Pitching for investment any time soon? – some dos and don’ts

Mary_with_liam_nelis

Yesterday I was part of the IntertradeIreland Seedcorn judging panel chaired by Intertrade’s CEO Liam Nellis – that’s a photo of the two of us taken last week on the steps in Stormont.  Also on the panel were Taxback.com’s Terry Clune, Xing’s Bill Liao & e-synergy’s Fergus McIlduff.  Over the course of the day we watched 6 pitches as if we were an investment panel, then scored the companies & selected winners to go through to the next stage of the competition.

I thought whilst it was in my head – because I know a lot of my friends & associates are entrepreneurs who are no doubt entering these sorts of competitions or pitching for investment – I would scribble out a few dos & don’ts for anyone that’s interested:

·         Work hard to distil your value proposition & get it out there early in your preso – remember that the investment or judging panel will be seeing loads of companies, often in a short space of time

·         If you have a tangible product & have brought samples, pass them round early in your pitch

·         If you turn up with a colleague, which is a good idea, only one of you pitch – it hardly ever works to try & share the pitch between you so let the person who’s best at presenting do it; also do try & behave as if you are a team

·         Don’t ramble & do stick to your allotted time – it’s annoying when people go over time because they either haven’t rehearsed enough or because they spend too long telling you irrelevant stuff

·         Use some pictures or graphics in your presentation to bring it to life

·         Don’t use a video that’s longer than a minute

·         If you’re very early stage, think about your sales and marketing plan – it isn’t enough to state the market opportunity – you need a go-to-market plan that hangs together

·         Don’t argue with the panel – it just makes you look bad

·         Be honest when answering questions

·         Know your numbers back to front and the assumptions behind them – expect to get asked about anything that isn’t self explanatory

·         If you’re referring to high level numbers in your presentation, make sure you have identified what they are – are they £s, people, units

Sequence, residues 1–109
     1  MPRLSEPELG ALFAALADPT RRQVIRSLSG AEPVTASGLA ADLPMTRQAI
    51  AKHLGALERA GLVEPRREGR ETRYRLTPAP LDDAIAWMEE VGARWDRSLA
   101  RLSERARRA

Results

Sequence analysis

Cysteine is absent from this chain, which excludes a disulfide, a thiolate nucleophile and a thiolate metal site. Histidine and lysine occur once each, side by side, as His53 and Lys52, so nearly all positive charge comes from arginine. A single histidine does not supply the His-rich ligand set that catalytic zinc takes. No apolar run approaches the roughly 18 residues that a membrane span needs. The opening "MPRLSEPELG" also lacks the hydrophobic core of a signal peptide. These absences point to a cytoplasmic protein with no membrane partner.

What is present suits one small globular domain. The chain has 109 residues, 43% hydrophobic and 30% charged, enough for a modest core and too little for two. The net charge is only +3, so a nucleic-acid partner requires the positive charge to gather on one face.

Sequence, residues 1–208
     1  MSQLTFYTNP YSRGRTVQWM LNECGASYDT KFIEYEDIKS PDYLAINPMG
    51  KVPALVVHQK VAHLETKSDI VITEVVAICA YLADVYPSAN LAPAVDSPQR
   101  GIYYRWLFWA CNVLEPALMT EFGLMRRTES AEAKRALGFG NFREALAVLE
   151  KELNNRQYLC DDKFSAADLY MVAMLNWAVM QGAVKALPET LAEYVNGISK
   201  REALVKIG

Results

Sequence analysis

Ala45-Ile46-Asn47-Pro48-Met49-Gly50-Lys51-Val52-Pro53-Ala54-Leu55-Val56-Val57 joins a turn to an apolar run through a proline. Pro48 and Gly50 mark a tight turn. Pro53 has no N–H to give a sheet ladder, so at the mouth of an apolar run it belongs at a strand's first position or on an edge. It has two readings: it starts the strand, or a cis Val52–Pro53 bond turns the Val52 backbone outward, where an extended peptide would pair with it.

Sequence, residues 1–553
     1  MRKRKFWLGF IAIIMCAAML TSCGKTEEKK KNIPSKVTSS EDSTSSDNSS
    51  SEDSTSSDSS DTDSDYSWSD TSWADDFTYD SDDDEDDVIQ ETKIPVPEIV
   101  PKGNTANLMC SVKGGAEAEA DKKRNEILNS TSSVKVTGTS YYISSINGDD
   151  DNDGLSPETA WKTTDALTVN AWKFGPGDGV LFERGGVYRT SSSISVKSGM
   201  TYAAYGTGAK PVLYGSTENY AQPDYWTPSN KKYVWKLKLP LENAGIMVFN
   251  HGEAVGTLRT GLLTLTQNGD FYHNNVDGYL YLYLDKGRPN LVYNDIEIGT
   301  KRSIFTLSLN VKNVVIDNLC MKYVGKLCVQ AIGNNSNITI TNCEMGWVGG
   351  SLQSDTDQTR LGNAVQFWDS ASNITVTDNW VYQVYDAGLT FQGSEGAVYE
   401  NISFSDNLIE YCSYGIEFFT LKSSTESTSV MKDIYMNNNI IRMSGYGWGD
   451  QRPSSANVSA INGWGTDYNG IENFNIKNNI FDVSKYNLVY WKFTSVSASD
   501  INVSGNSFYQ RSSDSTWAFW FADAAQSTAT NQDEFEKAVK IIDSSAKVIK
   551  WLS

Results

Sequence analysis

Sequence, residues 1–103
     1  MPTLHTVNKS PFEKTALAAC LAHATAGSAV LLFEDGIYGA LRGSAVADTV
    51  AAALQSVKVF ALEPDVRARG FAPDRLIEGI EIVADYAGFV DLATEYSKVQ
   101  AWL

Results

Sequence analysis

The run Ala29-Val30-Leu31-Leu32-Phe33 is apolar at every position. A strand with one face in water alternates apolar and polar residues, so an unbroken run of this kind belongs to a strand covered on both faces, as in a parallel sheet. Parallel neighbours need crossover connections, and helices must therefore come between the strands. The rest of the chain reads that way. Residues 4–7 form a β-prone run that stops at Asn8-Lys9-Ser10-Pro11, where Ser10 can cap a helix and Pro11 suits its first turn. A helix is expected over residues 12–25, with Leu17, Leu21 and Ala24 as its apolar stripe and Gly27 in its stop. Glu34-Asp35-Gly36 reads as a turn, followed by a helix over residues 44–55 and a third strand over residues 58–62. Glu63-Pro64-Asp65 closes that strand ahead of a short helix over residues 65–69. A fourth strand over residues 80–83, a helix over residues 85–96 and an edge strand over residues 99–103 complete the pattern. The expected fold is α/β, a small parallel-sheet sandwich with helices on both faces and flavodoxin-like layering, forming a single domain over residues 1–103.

·         Include some innovation – you don’t have to be an inventor – it might just be something unusual about your business model or your presentation that makes you stand out

·         Keep your pitch consistent with any business plan you’ve already submitted

·         Finally – don’t use corny or gimmicky presentation techniques unless you are very certain of your delivery capabilities – they can be excruciating to watch (think Angelcot woman on Dragon’s Den insisting on singing…)

I know there’s a lot out there about this stuff for entrepreneurs but I thought I’d take 5 minutes out to share my take – interested in your comments so keep ‘em coming.

 

3 comments

  1. Thanks Mary. Great advice and timing as I’m just working on our deck ahead of the final on the 24th! Connor (DataHug.com – CRM Pulse LTD)

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  2. Thanks Connor – I was beginning to think no-one was ever going to leave a comment on this blog… I love Data Hug & would like to meet you guys for a chat sometime soon. I’ll be at the Seedcorn dinner on 24 Nov so come & seek me out.

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  3. Pitching to investors has certainly been one of my biggest learns since starting Learning Pool and I’m not sure that there’s a way to advise people on it – I certainly wouldn’t have listened to anyone as I thought I knew better. For what its worth though, here are my additions to Mary’s comments:1 – remember that investors don’t really care about what your business does. They see it as an ice cream machine into which they pour money. They only care about how long it’ll take for the icrecream to be ready and how nice it’ll taste.2 – be realistic about your market and know which bit of it is addressable (no, I mean really addressable). This is a really tricky thing – if your market is too small no-one will care and if its too big you’ll be accused of being unrealistic. Doug Richard advises that a small, growing niche is the sweet spot. Tell them what your market will be worth in 3-5 years3 – My experience has been that VCs in Ireland and to a lesser extent the UK are really only excited by companies that can grow into the US. I think this is because they understand the market there and have contacts there. This is one of the main reasons that Learning Pool has been bootstrapped. I guess the advise is to find an investor who has a portfolio that you could see your business fitting into. 4 – be clear about how you will spend the money. This might sound obvious but if you aren’t 100% certain how will an investor be? This one is also good if you do manage to get the investment… don’t let a non-exec push you into spending money on things you don’t need. 5 – pick the 2 best things about your pitch and get one of them out in the first 60 seconds (to get that ‘oh hello’ moment) and the other in the last 60 seconds so they remember you.6 – remember that 90% of investors simply won’t get your business.. its not you its them.. pitching is a numbers game7- Don’t over pitch. I did this loads of times and learned the lesson eventually. Just tell the story with passion and pride and you’ll be grand. 8 – remember to cover the obvious things. If you have revenue, say what it is, if you have profits, for god’s sake shout about it. We once did a pitch that went very badly and the investor went through us until he found out we were profitable… then he went through us for doing a rubbish pitch!Seriously, I may not be the best person to advise on this stuff!!best of luck everyone

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